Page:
Josh Ritter + Support Anais Mitchell | Review

Josh Ritter + Support Anais Mitchell | Review

Mandela Hall, Belfast • 06 December 2017

By Gerry Walton • Photos: Conor Kerr

Josh Ritter and his Royal City Band provided an early Christmas present to the ears in Mandela Hall, with a stunning show. Ably assisted by Anais Mitchell, surely no one will have left disappointed.

The pre-show tunes were a hint of the quality to come, as a variety of mainly Tom Petty classics were played. Once an in-the-flesh musician took to the stage those who were early enough caught a gem of a set by Anais Mitchell. Her finger-picking guitar style matched with cooed yet biting vocals was a real surprise. Her opener ‘Cosmic American’ was a great start, and ‘The Wedding Song,’ from her folk opera Hadestown kept the levels high.

‘Why We Build The Wall’ felt particularly prescient, talking of “building walls to keep us free,” yet pre-dating the current events in Anais’ homeland, having been released back in 2010 on Hadestown. If this was the support, the main event was bound to be a knockout.

And so it proved to be. Josh’s guitarist, his partial namesake Josh Kaufman, had already taken to the stage with Anais for her closing number, and the response for the rest of the Royal City Band and Josh Ritter was rapturous to say the least.

Leaping straight into ‘Feels Like Lightning,’ a gentle country chugger, Josh had a smile fixed to his face from the very start, and seemed in love with his craft. And why wouldn’t he be? ‘Showboat’ came next, a funk-flecked strutter befitting its title that gave the band room to flex their muscles.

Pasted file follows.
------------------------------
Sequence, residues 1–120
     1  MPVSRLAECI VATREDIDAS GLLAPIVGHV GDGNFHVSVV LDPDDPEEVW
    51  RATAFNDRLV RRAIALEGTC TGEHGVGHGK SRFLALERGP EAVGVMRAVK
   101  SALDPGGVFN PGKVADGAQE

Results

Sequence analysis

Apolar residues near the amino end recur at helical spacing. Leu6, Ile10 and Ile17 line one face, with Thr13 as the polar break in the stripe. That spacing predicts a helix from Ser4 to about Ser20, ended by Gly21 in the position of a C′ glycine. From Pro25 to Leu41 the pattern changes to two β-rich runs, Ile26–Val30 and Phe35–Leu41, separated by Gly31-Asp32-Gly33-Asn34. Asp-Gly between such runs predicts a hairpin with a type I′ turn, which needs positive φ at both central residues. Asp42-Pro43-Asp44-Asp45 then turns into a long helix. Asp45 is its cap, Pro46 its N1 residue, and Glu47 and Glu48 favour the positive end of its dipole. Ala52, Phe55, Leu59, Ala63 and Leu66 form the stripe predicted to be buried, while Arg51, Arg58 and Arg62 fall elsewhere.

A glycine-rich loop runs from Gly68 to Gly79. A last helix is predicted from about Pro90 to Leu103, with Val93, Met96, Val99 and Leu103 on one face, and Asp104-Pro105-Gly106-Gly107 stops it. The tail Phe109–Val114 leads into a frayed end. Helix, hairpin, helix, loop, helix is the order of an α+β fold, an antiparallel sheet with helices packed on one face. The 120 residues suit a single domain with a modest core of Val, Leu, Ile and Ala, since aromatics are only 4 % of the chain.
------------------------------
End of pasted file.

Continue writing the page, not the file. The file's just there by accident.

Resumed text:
‘New Lover’ got the crowd whooping at some of the lyrics, and the song itself was an open-hearted burying of the hatchet with a former lover. ‘Monster Ballads’ followed, and like many numbers here was met with a church-like singalong.

‘Henrietta, Indiana’ was lead guitarist Josh Kaufman’s time to shine, before ‘Dreams’ cast Josh Ritter as in his most comfortable role of possessed preacher, delivering his rapidfire sermons at a pace the music would never hope to match. It ominously builds with the sort of jazz backing you’d hear in a waiting room before an appointment with Satan – a good thing.

If that sounds a little dark, what came next was a sleepy ambler called ‘Train Go By.’ Josh gave a nice backstory about a garden that was “growing towards the house like an Edgar Allan Poe story, so we moved.”

Despite the rather macabre title of ‘Folk Bloodbath,’ it was in fact an ultra-sweet sounding murder ballad, which again turned the crowd into a congregation singing along to every word.

Any sleepiness that might have been descending (it was a long day for me at least) was well and truly blown away with ‘Snow Is Gone,’ which saw Josh alone but pounding away at his acoustic. He later needed a string change, unsurprisingly, but this was one of the highlights for its pure adrenaline. ‘Me And Jiggs’ and ‘Kathleen’ took things up another notch. The round-mic effect was used brilliantly, with the acoustics really shining at this point, and by now you got the impression the crowd would have let him keep going on forever.

Of course, all good things come to an end, and before long a pounding full-band rendition of ‘Homecoming’ led into the encore. Bassist Zack Hickman regularly stepped up to a double bass through the evening, but here he showed his acoustic chops too in the sweet duet of ‘Hopeful.’

The band came back for ‘Roll On,’ and Anais Mitchell even got a verse, reminding of her talent. With multiple musicians around two microphones, it was another special moment in an evening crammed with them. A singalong finale of ‘Girl In The War’ rounded off one of the gigs of the year, and Josh’s repeated urges of “rock and roll” throughout the night were more than lived up to.

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